The past several weeks have seen one glowing earnings report after another for retailers and eCommerce companies. In toys, Mattel and Hasbro both saw strong sales between April and June, and shoemakers Skechers and Crocs said they’ve seen increased demand for their products as consumers emerge from their homes.
It’s not all sunshine, though. Procter & Gamble on Friday (July 30) told investors and analysts that it expects $1.9 billion in increased costs over the next year as supply chains remain muddled and COVID-19 variants continue to spread across most of the U.S. and other parts of the world. And S&P Global Market Intelligence predicted last month that Nike could run out of Vietnamese sneakers if the pandemic continues to force factories in the country to shut down.
Perhaps most concerning, though, was Amazon’s miss of analysts’ expectations on Thursday. While attributed by company executives to consumers’ return to in-person shopping and other social activities, others saw it as a potential slowing of consumer spending overall amid renewed uncertainty about COVID-19. PYMNTS has reported that despite a 1 percent increase in household spending in June, economists are concerned about how long-term spending growth will hold up.
Still, if the past two years have shown anything, it’s the resiliency and adaptability of retailers. Most retailers have now heavily invested in digital capabilities and perhaps are better for it, putting them in a much better place to keep commerce flowing if consumers retreat to their homes or new COVID restrictions are put in place. For example, buy online, pickup in-store (BOPIS) is now practically assured at every retailer, and consumers have now come to expect an omnichannel shopping experience, with 92 percent having placed an online order recently according to PYMNTS research.
In fact, with the holiday season looming, an increase in digital could be a blessing for retailers who are currently struggling with an industry-wide labor shortage. More digital shoppers could lead to fewer in-store associates, alleviating some hiring woes — or at least limiting them to the logistical side.
Supply Chain Snags
After the past 18 months, retail executives are taking little for granted, especially when it comes to importing their products.
Children’s apparel retailer Carter’s, for example, is paying a premium to ship its products out of Asia using air freight as a shortage of shipping containers and delays at ports snarl global trade. And executives at Crocs, seeing a rebound in demand after years of being seen as a faux pas, said one of their key concerns is spikes of COVID-19 in Asia that could impact supply in coming quarters, as well as import issues.
“I would say there are many bottlenecks in the global logistics chain, whether it be Long Beach, whether it be rail out of Long Beach, whether it be availability of trucking,” Crocs CEO Andrew Rees told investors and analysts. “The list goes on.”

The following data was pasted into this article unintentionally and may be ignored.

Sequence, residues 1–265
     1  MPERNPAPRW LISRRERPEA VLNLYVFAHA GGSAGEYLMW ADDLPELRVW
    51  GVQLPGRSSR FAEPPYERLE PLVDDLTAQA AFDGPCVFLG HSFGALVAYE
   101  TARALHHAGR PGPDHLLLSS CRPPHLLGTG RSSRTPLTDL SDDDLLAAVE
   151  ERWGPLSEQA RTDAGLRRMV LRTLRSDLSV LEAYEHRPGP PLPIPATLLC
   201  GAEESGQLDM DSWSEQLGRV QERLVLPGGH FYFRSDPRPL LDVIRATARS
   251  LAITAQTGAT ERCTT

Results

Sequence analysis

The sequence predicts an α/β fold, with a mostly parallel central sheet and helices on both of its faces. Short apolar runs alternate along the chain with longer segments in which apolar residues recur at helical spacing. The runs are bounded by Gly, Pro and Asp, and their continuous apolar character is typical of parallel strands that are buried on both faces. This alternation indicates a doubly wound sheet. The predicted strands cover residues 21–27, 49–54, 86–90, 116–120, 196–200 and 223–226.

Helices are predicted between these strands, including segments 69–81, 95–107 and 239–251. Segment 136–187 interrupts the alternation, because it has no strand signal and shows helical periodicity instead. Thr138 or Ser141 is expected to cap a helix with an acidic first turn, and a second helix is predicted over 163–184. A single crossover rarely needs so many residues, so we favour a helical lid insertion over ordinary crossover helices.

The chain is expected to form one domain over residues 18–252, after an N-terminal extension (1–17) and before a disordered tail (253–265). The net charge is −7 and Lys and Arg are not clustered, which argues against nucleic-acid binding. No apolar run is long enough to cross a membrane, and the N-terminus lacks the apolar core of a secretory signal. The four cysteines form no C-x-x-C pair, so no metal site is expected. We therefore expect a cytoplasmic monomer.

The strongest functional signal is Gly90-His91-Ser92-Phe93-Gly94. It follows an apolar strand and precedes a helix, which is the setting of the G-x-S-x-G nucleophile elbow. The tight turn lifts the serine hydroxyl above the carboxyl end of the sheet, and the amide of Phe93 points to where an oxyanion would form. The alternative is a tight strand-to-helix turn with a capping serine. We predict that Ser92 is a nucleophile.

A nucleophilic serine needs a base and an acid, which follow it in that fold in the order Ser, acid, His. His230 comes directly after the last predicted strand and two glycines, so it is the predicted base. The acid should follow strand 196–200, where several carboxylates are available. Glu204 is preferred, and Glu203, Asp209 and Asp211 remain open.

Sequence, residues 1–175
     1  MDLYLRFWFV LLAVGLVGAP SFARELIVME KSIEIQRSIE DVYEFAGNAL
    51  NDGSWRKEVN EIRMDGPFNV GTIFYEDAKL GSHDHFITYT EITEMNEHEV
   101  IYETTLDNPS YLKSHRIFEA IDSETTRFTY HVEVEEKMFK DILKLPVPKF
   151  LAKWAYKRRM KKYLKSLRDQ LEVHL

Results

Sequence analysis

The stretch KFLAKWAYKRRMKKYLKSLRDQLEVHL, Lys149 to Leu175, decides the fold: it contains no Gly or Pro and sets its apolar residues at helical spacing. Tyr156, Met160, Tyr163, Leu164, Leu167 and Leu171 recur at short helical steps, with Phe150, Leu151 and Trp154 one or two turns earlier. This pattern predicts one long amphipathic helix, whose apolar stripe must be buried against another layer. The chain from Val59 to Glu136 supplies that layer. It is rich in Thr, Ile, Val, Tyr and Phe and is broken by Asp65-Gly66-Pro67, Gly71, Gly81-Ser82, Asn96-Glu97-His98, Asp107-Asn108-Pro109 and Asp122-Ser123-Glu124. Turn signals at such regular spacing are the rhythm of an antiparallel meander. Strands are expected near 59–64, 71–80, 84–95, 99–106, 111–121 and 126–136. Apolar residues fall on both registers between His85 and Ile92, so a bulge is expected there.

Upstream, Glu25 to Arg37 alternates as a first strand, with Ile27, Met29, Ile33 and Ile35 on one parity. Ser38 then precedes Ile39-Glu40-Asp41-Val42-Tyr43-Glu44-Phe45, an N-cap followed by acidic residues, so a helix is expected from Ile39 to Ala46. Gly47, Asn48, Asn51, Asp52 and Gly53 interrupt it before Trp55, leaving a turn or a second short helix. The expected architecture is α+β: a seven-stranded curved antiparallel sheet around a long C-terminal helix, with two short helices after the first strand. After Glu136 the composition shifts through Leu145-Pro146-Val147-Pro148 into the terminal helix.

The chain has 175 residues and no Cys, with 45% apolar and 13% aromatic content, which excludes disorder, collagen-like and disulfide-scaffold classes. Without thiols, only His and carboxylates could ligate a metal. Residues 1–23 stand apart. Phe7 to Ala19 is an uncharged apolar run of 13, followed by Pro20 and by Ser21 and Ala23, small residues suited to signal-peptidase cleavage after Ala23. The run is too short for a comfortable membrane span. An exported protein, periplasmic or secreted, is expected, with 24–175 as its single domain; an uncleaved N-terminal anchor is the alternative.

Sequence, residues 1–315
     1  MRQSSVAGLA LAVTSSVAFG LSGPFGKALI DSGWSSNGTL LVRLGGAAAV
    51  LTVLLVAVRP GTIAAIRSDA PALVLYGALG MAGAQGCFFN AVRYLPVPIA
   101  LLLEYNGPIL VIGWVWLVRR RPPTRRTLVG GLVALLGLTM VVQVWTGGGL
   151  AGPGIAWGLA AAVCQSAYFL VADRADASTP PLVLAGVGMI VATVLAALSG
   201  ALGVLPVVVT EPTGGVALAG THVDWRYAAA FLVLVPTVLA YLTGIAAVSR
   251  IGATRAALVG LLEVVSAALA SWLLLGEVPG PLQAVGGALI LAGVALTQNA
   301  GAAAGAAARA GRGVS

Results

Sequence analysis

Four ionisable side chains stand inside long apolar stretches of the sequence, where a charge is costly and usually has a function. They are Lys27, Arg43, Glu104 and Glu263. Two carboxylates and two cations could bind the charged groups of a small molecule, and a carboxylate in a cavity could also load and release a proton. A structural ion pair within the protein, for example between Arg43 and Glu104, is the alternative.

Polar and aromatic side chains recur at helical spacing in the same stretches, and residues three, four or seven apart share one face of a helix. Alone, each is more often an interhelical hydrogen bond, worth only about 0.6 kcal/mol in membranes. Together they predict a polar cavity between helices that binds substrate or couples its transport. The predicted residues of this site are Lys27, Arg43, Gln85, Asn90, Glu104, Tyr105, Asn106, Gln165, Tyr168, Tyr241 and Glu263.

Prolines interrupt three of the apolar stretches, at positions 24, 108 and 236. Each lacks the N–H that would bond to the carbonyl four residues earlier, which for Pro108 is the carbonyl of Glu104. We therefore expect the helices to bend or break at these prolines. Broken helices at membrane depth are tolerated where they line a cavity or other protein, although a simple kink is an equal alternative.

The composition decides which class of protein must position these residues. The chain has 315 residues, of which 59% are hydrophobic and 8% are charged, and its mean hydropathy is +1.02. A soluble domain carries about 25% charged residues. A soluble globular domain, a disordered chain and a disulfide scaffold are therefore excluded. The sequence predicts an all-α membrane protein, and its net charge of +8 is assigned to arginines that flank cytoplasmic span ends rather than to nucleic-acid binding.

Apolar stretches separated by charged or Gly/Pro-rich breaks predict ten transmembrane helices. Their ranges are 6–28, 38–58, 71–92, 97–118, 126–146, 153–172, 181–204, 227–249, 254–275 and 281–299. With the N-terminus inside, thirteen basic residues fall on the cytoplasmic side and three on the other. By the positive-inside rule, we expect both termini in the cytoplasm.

During a presentation to the media last week, Jack Kleinhenz, chief economist for the National Retail Federation (NRF), said despite some positive economic indicators and the National Bureau of Economic Research determining that the pandemic era recession ended in April 2020, “by no means has the economy fully recovered.” Unemployment was still at 5.9 percent as of June, and approximately 7 million fewer workers are on payrolls today than in February 2020.
“We are keeping a close eye on prices, we’re keeping a close eye on wages and household expectations of inflation as they relate to the current outlook for spending,” Kleinhenz said. He added that he expects prices to remain higher for several months as demand continues to outpace supply and logistics issues take time to iron out.
The Week Ahead
In the next several days, CVS Health, Wayfair, BigCommerce, Carvana and Simon Property Group will all report their quarterly earnings, giving an even clearer picture of several different pieces of retail and eCommerce sectors.
Though unlikely to paint a drastically different picture than the earnings seen in the past several weeks — CVS will likely have seen a boost from the spring’s increased vaccination rates — Simon could be noteworthy as the company owns several brands in conjunction with Authentic Brands Group, including Aeropostale, Forever 21 and Brooks Brothers, in addition to having some insight as a mall operator about foot traffic and consumer demand.
Wayfair and BigCommerce will also present more insight into eCommerce and expectations for the coming months, with Wayfair additionally giving a glimpse at whether the nesting trend is really over or whether it may be beginning a new chapter as guests are once again welcomed into peoples’ homes.